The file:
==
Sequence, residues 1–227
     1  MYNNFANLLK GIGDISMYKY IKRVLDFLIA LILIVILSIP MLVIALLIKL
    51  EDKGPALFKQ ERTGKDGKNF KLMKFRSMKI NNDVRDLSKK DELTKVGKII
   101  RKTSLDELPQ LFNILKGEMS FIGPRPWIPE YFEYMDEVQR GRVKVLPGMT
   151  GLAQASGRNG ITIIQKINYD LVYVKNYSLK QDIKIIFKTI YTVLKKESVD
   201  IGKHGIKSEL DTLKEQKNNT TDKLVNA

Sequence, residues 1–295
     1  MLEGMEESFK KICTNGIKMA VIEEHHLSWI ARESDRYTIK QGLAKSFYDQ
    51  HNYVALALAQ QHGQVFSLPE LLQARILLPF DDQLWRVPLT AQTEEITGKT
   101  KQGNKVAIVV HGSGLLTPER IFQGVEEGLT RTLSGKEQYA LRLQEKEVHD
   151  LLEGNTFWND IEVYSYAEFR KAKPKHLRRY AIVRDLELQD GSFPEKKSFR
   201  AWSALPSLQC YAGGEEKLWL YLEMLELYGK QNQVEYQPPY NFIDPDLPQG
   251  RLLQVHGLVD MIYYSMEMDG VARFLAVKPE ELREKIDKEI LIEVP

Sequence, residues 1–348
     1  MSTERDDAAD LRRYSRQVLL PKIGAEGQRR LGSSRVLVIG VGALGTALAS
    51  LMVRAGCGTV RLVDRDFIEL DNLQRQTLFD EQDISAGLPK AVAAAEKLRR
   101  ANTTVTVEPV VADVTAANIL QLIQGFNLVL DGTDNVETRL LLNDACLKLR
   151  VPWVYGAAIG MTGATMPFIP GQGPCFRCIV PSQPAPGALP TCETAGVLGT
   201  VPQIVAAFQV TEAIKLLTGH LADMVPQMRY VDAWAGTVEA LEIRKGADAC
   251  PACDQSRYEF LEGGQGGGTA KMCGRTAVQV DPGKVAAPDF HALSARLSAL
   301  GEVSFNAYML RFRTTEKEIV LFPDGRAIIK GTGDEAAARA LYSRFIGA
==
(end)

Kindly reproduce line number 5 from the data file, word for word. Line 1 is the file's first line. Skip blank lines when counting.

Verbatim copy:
   151  GLAQASGRNG ITIIQKINYD LVYVKNYSLK QDIKIIFKTI YTVLKKESVD